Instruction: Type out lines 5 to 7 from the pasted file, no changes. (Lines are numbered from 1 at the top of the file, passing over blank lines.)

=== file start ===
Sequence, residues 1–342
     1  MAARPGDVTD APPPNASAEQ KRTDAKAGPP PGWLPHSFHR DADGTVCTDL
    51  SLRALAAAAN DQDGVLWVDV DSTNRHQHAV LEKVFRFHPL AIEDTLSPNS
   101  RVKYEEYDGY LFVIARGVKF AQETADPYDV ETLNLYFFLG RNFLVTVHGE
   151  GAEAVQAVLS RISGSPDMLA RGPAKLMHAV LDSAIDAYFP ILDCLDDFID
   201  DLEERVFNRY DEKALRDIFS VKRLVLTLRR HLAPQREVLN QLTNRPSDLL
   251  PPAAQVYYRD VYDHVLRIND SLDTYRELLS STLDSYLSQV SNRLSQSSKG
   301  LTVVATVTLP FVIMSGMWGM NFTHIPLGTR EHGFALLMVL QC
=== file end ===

   151  GAEAVQAVLS RISGSPDMLA RGPAKLMHAV LDSAIDAYFP ILDCLDDFID
   201  DLEERVFNRY DEKALRDIFS VKRLVLTLRR HLAPQREVLN QLTNRPSDLL
   251  PPAAQVYYRD VYDHVLRIND SLDTYRELLS STLDSYLSQV SNRLSQSSKG